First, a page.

Orginally Posted: June 12, 2022
By: Briony Smith
“There is something so very special about the preservation and continuity of ancient forms that have lasted centuries, weaving stories using body language that our ancestors used to tell tales of their times.”
Reshmi Chetram remembers dancing her way through childhood.
Her mother, professional dancer Deviekha Chetram, who owned Scarborough’s Tarana Dance Centre, led the family in regular backyard revelries. “There was always music, creativity, inspiration and community around us,” she says. “Being of Indo-Caribbean heritage, our experience consisted of (dance styles like) folk, chutney, nagara, Bollywood, kathak, odissi and contemporary.” Every Friday, the family would go to the video store to pick out a Bollywood movie. “We grew up experiencing it all. Dance didn’t feel like an extracurricular activity: it was, simply, our life.”
At 18, Chetram turned pro, heading to India to study kathak; she then started dancing and choreographing with companies that performed all over the world, and tried her hand at producing and directing. In 2008, she developed BollyFit, an Indian-dance fitness company that grew to more than 150 instructors worldwide and, by 2011, had its own TV show. “Indian classical dance is history in movement,” she says. “There is something so very special about the preservation and continuity of ancient forms that have lasted centuries, weaving stories using body language that our ancestors used to tell tales of their times.”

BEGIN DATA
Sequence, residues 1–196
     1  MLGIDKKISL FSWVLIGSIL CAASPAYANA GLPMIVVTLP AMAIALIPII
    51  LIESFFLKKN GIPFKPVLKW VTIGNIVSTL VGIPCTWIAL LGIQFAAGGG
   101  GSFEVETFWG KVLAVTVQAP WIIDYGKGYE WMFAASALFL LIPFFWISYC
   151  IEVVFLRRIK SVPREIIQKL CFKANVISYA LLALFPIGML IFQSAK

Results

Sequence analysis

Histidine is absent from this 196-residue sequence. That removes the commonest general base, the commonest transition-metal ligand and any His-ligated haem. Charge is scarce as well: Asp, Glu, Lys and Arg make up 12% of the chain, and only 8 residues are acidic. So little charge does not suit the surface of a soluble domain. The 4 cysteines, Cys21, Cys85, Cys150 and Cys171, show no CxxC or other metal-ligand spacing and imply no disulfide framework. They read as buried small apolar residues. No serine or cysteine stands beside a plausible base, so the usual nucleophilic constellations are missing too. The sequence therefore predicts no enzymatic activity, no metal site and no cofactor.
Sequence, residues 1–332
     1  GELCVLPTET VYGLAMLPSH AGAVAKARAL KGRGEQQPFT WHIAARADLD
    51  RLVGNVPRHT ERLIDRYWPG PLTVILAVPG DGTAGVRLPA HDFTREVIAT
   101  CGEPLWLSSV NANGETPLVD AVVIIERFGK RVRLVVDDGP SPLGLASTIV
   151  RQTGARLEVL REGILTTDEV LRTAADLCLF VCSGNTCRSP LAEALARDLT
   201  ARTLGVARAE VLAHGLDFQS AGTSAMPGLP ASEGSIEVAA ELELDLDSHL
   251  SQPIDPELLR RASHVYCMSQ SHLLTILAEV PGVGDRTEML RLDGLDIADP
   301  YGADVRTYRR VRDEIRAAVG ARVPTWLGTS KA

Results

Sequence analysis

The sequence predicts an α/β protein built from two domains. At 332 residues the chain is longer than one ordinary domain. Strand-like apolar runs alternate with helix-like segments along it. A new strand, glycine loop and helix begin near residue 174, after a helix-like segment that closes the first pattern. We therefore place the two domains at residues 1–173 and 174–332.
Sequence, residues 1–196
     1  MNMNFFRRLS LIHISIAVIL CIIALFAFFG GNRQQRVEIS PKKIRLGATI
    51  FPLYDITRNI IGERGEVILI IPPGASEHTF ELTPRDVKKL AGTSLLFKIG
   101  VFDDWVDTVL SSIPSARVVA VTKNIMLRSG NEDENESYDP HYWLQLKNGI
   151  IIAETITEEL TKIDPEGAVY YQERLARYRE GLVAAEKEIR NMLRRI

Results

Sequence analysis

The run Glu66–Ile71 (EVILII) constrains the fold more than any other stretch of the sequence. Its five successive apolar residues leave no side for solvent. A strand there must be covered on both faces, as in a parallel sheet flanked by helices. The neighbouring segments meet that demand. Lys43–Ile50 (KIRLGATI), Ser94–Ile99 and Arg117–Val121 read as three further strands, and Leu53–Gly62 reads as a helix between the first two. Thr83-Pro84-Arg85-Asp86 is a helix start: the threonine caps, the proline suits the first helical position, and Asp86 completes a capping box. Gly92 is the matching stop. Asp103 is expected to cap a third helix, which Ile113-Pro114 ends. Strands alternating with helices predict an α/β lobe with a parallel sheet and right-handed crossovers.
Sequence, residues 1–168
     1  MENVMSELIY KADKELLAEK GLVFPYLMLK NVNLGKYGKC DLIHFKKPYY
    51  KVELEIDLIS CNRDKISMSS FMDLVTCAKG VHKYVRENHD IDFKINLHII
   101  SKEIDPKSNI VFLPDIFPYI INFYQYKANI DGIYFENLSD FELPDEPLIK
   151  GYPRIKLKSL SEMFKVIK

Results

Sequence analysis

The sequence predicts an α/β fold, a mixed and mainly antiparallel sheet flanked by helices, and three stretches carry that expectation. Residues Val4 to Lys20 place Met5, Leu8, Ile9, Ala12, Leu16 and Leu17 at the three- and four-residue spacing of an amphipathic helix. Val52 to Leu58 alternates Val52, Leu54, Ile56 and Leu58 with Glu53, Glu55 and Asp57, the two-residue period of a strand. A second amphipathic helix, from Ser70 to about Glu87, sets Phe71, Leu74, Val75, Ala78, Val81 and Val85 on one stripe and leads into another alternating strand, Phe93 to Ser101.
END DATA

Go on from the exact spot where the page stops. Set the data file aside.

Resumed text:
Around 2013, Chetram’s mother began experiencing dementia due to Alzheimer’s. Even though her career was taking off, Chetram decided to look after her. “Truthfully, much of the time I did not know what I was doing, so I focused on emotions, empathy, structure, routine and joy,” she says. “What would make her smile today? It was the simplest things. It was a spa day at home, it was playing her favourite song, it was playing Scrabble and not paying attention to the spelling.”
Chetram took over teaching at her mother’s school, even bringing some classes into their home. “As a daughter, I told myself to keep her around the things that brought her joy — and dance elicited a response in my mother that I can only explain as pure joy,” she says. “Coming from Guyana, my mother and her sister, Geeta Leo, brought classical Indian dance from South America to Toronto, passing on and preserving Indo-Caribbean culture and arts to many first-generation Canadian artists who now also have their own dance companies and artistic endeavors.”
Chetram looked after her mom until she died in 2020. Inspired by her mother’s advocacy, last March she launched a new tutorial series, DWRLessons, on her website, reshmichetram.com, aiming to make Indian dance accessible to everyone. “Dancers of all ages, levels and backgrounds can participate in a way that suits them,” she says. These prerecorded choreography-lesson videos are $15 each, and she offers free kathak tutorials via her YouTube channel.
She has also launched a mentorship service to help fellow artists with everything from writing a grant to mounting a full-scale production. Her new online lifestyle shop, Reysh Rituals — selling traditional items like incense, Indian jewelry and malas (prayer beads) — will launch at the end of this month.
Continuing her mom’s tradition, Chetram fills her own house with Indian music and dance. “My children and I dance every day,” she says. “My desire as a mother is to provide an environment that is rich in our culture, roots, story and experiences, so that they can flourish and feel connected to their culture in their own ways as they grow up.”
Source: The Hamilton Spectator